Jamaican superstar Shaggy was asked to lean in on matters concerning the fate and future of dancehall music in a recent interview. The musician who has seen triumphant success in the 90’s and 2000’s as a Reggae and dancehall artiste like only few have, said the genre is in a position of crisis.
“If you look at a lot of dancehall artiste, they have more followers than they have streaming numbers, and that’s because they have become some what of a side show”, he said in a recent interview with The Voice Online on April 25.
Shaggy also highlighted the fact that dancehall music has the lowest streaming numbers of all other genres in its class. Compared to Reggaeton and Afrobeat, which are both the ‘birth child’ of dancehall as well as Hip-hop, which is the ‘birth child’ of Reggae and dancehall, the Jamaican genre has far less numbers.
He went on to state that international artistes such as Ed Sheeran, Rihanna, Drake and Justin Beiber for instance have all sampled and made huge success from 90’s style dancehall, simply check the streaming numbers.
New generation deejays have taken the ‘dance’ out of dancehall, he said, “It’s now singhall”. Describing today’s club scene as people standing around, drinking and smoking. They sing a couple lines from a song, wave their hands in the air and that’s it, they don’t even dance anymore. Shaggy doesn’t think this new-gen style resonates with mainstream audiences. “We need to kind of reinvent the wheel so to speak, because the formula is already there if you ask me”, he said.
When asked what younger artistes needed to be doing in order to push dancehall into the mainstream, Shaggy first outlined what he analyzed is the cause for the music getting there in recent times. This wasn’t just an issue with dancehall he said, it spans across the board with several other genres.
Its no secret the Internet has taken over the way music is reaching its audience. This Shaggy insists have tapered the impact dancehall music has around the world and ultimately has destroyed the culture.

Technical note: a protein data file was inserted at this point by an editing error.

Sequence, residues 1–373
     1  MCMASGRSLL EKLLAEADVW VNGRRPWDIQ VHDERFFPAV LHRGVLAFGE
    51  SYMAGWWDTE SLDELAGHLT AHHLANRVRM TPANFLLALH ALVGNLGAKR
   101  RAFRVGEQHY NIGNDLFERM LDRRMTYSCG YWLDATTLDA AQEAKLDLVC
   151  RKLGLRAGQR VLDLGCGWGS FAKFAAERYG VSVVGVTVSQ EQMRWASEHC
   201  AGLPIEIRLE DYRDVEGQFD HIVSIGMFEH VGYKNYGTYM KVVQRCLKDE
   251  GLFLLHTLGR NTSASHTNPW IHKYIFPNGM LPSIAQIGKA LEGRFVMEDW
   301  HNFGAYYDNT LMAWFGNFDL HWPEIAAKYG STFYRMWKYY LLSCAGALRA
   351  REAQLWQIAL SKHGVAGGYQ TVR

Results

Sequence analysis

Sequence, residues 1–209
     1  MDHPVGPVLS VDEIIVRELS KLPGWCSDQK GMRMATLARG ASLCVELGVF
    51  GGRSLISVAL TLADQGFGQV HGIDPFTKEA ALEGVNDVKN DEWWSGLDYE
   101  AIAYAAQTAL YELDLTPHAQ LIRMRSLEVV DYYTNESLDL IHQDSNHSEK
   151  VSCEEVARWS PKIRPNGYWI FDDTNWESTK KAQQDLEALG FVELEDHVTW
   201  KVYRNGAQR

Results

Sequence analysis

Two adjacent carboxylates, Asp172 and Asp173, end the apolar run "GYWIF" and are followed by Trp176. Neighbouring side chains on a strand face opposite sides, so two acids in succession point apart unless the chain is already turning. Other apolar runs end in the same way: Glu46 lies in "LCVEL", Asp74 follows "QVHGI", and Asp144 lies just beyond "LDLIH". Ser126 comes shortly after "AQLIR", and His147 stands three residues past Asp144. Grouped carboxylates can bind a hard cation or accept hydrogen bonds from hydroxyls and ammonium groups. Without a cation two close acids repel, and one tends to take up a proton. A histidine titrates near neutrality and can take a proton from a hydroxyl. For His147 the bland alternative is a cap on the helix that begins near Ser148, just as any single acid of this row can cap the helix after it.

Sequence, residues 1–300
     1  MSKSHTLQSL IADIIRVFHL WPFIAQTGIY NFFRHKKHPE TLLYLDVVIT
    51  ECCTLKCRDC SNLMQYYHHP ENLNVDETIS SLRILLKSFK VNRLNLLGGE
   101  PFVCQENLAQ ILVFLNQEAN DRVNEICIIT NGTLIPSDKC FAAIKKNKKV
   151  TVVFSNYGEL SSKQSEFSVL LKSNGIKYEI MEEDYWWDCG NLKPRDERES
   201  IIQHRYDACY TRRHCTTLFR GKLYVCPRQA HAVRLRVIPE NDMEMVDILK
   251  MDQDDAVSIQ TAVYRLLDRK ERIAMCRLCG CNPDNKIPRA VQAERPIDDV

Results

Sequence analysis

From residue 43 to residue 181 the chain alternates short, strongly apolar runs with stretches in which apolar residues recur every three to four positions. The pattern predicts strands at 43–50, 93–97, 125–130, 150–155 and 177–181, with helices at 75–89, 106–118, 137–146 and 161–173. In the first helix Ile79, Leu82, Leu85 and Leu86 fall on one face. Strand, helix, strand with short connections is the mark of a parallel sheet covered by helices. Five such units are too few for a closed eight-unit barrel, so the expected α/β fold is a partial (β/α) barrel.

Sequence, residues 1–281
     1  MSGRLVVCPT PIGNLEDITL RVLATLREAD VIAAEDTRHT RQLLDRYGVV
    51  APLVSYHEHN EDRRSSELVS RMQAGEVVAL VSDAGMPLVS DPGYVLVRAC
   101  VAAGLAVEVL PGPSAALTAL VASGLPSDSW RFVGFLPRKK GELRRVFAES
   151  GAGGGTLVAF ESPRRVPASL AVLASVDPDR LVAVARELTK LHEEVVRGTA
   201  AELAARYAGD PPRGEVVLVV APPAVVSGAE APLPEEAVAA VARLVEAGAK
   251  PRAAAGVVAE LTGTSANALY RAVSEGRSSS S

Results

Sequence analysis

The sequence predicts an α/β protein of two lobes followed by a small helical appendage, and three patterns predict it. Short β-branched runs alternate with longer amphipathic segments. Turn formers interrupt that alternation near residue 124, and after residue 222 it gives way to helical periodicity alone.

Throwing an example of Afrobeat musicians, Shaggy says they live in Africa driving Ferraris and filling stadiums in their own countries.
“None of them are going to come over here (abroad) and do your voice interview for free. None of them are going to travel and do that kind of legwork to get on all the major talk shows and do what it takes to actually make the genre become a staple that is of the Super Bowl or anything like that”, he said.
He believes that the same goes for Jamaican deejays, “A local dancehall artiste can make a really good living without ever going to radio, without ever going mainstream because of the Internet”.
Shaggy may have certainly hit the nail on the head. The lost of the culture in dancehall seems to have been lost in the messengers themselves. Losing the drive and tenacity at the first phase of fame seems to be the reason why many Jamaican dancehall acts haven’t branched over to the mainstream – a crisis indeed.
The singer is expected to release a remake of his Diamond and Multi-Platinum certified Hot Shot album, ‘Hot Shot 2020’ in July 2020. Watch the interview below.